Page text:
Turned A (capital: , lowercase: ɐ, math symbol ) is a letter and symbol based upon the letter A.

Lowercase ɐ (in two story form) is used in the International Phonetic Alphabet to identify the near-open central vowel. This is not to be confused with the turned alpha or turned script a, ɒ, which is used in the IPA for the open back rounded vowel.

It was used in the 18th century by Edward Lhuyd and William Pryce as a phonetic character for the Cornish language. In their books, both and ɐ have been used.[1] It was used in the 19th century by Charles Sanders Peirce as a logical symbol for 'un-American' ("unamerican").[2]

The logical symbol , has the same shape as a sans-serif capital turned A. It is used to represent universal quantification in predicate logic, where it is typically read as "for all". It was first used in this way by Gerhard Gentzen in 1935, by analogy with Giuseppe Peano's turned E notation for existential quantification and the later use of Peano's notation by Bertrand Russell.[3] In traffic engineering it is used to represent flow, the number of units (vehicles) passing a point in a unit of time. It may also be used in unit rates.

According to the principle of acrophony, the letter A originated from the Proto-Sinatic alphabet as a symbol representing the head of an ox or cow, its orientation and original meaning having been lost over time. The turned A symbol restores the letter to a more easily recognizable logographic representation of an ox's head.[4]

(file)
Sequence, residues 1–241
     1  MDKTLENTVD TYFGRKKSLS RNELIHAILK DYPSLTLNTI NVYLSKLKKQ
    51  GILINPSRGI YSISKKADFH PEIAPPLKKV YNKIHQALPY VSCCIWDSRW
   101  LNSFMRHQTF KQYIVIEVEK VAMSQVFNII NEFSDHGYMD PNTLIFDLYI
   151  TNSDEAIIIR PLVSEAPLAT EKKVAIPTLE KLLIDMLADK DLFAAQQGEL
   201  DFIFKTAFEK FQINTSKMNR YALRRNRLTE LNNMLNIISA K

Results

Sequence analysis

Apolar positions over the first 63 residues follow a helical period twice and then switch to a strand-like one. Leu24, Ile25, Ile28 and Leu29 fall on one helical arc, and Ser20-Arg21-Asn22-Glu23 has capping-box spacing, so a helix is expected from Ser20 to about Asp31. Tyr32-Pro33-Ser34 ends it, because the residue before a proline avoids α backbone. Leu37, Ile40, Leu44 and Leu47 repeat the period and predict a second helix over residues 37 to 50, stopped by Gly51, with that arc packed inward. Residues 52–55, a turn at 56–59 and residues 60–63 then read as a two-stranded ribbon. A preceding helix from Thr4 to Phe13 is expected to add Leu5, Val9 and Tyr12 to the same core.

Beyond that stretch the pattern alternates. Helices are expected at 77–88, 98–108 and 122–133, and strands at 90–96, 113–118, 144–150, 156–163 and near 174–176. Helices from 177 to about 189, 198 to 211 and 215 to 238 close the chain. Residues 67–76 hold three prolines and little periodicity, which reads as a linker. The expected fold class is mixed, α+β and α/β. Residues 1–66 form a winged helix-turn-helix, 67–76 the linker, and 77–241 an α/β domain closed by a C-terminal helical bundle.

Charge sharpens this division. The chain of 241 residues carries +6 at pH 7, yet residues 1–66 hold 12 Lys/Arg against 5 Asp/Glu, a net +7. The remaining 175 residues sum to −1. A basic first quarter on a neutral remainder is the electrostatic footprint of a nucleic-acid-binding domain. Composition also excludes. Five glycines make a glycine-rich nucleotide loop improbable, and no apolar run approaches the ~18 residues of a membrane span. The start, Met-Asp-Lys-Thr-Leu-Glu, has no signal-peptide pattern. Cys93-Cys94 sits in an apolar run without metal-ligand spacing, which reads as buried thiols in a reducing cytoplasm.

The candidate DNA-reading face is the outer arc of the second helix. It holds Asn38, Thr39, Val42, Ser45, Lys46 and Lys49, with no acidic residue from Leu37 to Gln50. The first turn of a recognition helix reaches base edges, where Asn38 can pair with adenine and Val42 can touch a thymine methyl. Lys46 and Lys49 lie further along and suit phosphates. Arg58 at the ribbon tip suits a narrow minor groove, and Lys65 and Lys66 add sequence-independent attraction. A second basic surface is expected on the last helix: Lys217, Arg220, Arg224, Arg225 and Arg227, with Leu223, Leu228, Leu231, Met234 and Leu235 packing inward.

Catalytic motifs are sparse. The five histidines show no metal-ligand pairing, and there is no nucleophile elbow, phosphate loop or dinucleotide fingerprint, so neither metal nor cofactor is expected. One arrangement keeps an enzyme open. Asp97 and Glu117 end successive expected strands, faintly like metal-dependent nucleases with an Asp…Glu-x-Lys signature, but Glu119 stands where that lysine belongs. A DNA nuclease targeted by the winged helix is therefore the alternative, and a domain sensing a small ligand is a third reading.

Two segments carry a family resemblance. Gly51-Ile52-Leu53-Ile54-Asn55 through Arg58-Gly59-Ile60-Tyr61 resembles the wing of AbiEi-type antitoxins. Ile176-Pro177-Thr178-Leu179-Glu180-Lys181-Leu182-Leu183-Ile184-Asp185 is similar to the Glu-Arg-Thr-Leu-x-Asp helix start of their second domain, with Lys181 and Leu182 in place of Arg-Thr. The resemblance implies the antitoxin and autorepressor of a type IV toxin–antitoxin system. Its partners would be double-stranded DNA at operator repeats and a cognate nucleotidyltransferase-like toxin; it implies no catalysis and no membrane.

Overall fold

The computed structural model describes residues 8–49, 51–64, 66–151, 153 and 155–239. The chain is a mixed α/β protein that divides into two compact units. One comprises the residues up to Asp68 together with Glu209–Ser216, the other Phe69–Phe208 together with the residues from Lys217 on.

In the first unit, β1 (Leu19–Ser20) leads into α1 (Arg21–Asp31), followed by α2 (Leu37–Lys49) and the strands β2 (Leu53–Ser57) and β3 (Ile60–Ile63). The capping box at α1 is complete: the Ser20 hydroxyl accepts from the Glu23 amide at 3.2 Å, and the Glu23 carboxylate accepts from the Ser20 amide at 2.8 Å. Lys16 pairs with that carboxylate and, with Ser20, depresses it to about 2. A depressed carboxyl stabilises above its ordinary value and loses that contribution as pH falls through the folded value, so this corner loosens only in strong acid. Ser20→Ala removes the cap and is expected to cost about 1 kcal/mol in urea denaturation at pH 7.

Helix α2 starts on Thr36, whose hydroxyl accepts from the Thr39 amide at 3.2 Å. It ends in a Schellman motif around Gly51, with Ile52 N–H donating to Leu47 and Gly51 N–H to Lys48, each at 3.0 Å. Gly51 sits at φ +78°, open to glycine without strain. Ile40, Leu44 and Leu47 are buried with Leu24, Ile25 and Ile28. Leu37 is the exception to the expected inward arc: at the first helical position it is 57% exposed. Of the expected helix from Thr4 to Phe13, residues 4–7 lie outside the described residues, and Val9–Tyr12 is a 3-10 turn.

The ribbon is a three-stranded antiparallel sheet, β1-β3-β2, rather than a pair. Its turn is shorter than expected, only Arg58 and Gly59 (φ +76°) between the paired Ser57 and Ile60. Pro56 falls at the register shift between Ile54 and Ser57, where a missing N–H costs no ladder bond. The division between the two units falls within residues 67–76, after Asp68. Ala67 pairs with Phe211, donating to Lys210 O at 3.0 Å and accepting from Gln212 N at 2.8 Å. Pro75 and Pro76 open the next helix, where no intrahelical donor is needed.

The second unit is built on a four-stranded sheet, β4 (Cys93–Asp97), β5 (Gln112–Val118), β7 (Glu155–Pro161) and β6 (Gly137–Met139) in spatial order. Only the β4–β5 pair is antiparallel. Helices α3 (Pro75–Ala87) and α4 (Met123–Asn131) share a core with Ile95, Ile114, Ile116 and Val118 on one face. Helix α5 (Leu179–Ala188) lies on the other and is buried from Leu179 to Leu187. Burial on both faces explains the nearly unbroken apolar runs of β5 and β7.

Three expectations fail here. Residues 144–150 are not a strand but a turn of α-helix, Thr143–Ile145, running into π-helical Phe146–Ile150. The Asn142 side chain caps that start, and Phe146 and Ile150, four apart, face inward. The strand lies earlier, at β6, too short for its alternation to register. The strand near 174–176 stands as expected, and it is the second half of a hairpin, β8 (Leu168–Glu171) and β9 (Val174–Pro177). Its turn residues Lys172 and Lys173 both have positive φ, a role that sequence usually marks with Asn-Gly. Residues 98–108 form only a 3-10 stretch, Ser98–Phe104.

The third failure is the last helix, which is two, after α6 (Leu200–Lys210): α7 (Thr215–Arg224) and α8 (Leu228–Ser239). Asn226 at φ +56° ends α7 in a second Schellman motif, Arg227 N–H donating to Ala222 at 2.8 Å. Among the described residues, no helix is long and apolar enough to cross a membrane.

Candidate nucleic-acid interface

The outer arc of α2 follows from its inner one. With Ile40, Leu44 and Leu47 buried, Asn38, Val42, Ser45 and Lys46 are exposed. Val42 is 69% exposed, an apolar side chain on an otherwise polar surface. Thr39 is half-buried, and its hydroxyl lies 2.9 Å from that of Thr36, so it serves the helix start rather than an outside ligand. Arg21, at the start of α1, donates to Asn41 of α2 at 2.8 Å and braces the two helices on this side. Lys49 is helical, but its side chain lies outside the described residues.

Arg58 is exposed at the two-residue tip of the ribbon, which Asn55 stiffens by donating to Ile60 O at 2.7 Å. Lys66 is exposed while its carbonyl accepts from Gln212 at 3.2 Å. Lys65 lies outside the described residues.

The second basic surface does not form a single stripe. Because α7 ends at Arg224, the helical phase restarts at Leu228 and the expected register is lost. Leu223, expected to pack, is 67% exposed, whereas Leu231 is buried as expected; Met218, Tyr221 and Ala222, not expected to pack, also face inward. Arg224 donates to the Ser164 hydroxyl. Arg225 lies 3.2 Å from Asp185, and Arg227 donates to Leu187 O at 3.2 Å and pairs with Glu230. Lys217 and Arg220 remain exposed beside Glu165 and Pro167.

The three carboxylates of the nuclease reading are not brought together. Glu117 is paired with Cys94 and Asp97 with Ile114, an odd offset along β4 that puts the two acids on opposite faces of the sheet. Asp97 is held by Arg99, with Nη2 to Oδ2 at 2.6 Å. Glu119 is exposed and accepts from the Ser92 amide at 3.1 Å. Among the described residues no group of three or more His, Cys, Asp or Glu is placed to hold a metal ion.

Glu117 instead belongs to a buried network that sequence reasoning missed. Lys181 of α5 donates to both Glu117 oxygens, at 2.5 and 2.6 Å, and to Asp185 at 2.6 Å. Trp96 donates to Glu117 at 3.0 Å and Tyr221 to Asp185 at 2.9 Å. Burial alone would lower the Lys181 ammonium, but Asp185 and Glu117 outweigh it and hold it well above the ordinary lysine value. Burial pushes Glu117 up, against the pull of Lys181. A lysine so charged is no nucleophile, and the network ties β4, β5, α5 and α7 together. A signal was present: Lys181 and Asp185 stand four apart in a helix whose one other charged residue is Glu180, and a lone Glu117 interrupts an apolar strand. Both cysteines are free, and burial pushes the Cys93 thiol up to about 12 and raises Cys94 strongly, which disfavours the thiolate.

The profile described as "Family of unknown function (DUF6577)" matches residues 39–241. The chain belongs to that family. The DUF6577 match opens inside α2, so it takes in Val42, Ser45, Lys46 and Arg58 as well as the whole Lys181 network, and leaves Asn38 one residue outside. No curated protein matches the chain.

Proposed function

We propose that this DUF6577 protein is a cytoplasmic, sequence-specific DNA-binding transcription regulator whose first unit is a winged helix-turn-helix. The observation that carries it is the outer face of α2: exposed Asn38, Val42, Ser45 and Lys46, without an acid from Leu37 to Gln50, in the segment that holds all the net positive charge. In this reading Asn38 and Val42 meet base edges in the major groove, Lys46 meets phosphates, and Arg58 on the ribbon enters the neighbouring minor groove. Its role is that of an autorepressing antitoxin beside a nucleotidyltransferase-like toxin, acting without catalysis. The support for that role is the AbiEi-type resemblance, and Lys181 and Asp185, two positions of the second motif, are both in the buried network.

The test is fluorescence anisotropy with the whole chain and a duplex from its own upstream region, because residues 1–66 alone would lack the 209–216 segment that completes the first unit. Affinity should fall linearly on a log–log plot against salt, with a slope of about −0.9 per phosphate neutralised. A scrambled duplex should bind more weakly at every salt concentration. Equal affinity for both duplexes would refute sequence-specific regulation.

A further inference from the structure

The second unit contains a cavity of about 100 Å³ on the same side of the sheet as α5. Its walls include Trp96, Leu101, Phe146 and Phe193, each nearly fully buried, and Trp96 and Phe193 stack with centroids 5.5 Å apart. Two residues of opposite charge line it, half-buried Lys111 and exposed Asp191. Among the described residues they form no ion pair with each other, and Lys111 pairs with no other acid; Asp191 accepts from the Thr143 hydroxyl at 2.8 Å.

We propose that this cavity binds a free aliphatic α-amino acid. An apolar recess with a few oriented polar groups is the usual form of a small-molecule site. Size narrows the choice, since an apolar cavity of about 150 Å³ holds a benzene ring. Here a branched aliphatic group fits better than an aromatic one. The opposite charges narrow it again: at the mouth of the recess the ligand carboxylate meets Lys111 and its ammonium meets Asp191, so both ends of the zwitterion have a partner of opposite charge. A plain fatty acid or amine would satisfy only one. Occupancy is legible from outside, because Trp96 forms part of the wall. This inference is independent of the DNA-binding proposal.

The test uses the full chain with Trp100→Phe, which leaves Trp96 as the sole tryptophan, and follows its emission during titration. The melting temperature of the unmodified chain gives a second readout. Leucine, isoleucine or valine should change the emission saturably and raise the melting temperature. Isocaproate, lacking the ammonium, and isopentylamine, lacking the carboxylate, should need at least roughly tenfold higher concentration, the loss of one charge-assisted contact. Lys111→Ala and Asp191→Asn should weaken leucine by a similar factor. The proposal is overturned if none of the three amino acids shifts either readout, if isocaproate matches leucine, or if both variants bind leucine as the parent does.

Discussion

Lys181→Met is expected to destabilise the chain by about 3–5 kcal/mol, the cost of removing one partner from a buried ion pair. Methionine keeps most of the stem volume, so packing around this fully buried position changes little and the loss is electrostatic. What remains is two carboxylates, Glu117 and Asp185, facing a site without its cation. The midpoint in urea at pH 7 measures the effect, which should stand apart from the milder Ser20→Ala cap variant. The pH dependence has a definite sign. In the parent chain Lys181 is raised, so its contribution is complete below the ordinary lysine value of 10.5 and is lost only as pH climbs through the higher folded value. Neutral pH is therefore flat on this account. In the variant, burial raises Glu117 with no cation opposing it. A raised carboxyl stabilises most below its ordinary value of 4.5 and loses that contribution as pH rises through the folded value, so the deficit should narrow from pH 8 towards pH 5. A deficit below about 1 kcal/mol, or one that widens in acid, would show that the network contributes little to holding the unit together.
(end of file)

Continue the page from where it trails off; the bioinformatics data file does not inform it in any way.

U+1D44 MODIFIER LETTER SMALL TURNED A is used in the Uralic Phonetic Alphabet.[5]


Character information
Preview ɐ
Encodings decimal hex dec hex dec hex
Unicode 11375 U+2C6F 592 U+0250 8704 U+2200
UTF-8 226 177 175 E2 B1 AF 201 144 C9 90 226 136 128 E2 88 80
Numeric character reference Ɐ Ɐ ɐ ɐ ∀ ∀
Named character reference ∀, ∀
Symbol font 34 22
TeX \forall

See also


  1. ^ Michael Everson, Proposal to add Latin letters and a Greek symbol to the UCS, ISO/IEC JTC1/SC2/WG2 N3122 L2/06-266 (2006)
  2. ^ Page 320 in Randall Dipert, "Peirce's deductive logic". In Cheryl Misak, ed. The Cambridge Companion to Peirce. 2004
  3. ^ Miller, Jeff. "Earliest Uses of Symbols of Set Theory and Logic". Earliest Uses of Various Mathematical Symbols.
  4. ^ Jensen, Hans (1969). Sign, Symbol, and Script. New York: G.P. Putman's Sons. p. 262. ISBN 9780044000211.
  5. ^ Everson, Michael; et al. (2002-03-20). "L2/02-141: Uralic Phonetic Alphabet characters for the UCS" (PDF).